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Azathioprine was first produced in the 1950’s and since then has been used for a variety of disorders related to our immune process. It comes as a tablet to take by mouth and has to be taken consistently. This medication works by inhibiting DNA and RNA synthesis which are building blocks for the formation of lymphocytes. (Lymphocytes are the immune cells responsible for producing antibodies). Hence, this medication is slow to take effect as it targets the ‘factories’ responsible for producing the antibodies rather than targeting the antibodies directly. Its full clinical benefits often take 6 months to 1 year to become apparent.

The most common side effects are nausea and vomiting. Your doctor should also be monitoring certain blood counts regularly to ensure other side effects such as a reduction in your red and white blood cells are recognised early to ensure your Azathioprine doses can be adjusted accordingly.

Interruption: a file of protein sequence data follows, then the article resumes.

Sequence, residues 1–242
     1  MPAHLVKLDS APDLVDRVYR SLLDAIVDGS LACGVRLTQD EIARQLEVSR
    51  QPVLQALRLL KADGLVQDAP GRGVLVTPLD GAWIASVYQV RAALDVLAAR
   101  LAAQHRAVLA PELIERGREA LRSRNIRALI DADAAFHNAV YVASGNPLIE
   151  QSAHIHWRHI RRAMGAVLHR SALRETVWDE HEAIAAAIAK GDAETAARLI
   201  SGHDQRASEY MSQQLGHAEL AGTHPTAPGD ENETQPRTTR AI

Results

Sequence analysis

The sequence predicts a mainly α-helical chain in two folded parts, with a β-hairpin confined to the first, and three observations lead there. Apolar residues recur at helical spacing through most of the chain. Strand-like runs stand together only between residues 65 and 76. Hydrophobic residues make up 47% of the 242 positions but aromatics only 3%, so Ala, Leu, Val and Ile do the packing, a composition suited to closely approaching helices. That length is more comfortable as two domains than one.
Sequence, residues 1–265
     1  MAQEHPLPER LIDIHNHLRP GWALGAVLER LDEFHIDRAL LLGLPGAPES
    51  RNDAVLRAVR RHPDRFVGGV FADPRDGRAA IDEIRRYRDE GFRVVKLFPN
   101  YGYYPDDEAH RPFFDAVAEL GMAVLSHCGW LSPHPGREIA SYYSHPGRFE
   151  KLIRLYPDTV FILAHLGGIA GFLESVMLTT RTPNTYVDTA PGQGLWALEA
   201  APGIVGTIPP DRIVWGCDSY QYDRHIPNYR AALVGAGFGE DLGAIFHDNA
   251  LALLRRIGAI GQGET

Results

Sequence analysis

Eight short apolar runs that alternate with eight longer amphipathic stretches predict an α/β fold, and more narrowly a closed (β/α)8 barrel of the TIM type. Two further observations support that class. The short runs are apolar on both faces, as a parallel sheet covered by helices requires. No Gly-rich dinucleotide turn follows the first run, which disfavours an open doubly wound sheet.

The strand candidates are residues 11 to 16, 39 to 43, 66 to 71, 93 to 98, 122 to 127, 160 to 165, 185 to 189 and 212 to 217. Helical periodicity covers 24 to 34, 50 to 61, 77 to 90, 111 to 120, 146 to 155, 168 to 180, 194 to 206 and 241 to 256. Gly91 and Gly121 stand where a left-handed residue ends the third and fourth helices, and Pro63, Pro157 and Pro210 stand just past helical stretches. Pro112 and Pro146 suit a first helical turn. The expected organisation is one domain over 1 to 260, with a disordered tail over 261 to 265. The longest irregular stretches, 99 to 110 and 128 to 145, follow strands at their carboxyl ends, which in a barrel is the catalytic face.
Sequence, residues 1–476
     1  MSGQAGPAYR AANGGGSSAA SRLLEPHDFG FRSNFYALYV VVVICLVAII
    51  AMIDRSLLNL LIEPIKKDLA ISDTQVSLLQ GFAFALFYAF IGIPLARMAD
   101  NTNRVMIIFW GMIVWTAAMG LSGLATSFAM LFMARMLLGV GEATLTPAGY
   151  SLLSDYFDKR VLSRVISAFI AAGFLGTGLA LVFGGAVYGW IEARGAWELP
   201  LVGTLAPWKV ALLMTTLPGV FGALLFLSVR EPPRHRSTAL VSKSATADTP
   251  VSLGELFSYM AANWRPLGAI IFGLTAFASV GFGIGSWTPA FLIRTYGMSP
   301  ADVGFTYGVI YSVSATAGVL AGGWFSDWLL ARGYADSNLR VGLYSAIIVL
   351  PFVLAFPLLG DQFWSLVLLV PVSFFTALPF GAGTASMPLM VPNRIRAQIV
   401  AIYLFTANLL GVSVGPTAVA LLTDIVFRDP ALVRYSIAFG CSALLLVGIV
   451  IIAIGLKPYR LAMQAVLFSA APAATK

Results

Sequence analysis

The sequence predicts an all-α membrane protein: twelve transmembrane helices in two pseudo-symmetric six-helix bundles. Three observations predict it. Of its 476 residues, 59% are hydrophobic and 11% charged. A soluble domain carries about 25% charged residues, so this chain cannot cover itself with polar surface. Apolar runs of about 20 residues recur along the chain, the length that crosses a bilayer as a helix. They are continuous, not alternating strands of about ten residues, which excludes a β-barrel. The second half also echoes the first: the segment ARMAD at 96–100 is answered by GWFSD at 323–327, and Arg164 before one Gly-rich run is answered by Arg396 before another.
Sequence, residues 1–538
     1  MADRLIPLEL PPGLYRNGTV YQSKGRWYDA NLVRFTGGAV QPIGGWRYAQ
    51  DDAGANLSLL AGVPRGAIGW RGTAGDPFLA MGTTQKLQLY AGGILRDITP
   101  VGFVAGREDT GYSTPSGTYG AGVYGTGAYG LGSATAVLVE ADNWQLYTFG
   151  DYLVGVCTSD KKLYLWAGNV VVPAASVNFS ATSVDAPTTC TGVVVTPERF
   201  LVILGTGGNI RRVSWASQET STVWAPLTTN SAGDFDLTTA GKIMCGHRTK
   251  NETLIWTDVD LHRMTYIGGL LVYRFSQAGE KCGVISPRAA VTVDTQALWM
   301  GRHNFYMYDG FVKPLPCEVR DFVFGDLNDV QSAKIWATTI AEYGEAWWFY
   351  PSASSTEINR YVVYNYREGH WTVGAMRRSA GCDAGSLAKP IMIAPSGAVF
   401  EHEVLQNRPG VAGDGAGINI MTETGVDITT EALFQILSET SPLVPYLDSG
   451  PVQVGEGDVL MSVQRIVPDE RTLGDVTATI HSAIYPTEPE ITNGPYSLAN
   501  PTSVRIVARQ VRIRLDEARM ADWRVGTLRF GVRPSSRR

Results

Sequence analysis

LEARNING BITE (by Dr Fiona Chan) 

It is unique though in the aspect of its interaction with Allopurinol (a medication commonly used to treat gout). This is because the body is reliant on an enzyme (xanthine oxidase) to metabolise and remove Azathioprine from the body, however, allopurinol blocks this specific enzyme pathway. This is the reason why you should let your doctor know if you are prescribed both allopurinol and azathioprine. However, there are certain occasions where doctors will knowingly prescribe both of these medications for a synergistic or beneficial clinical effect in a certain group of patients. The key is to make sure that the prescribing doctor is aware you are on any of these medications and if prescribed either allopurinol or azathioprine.

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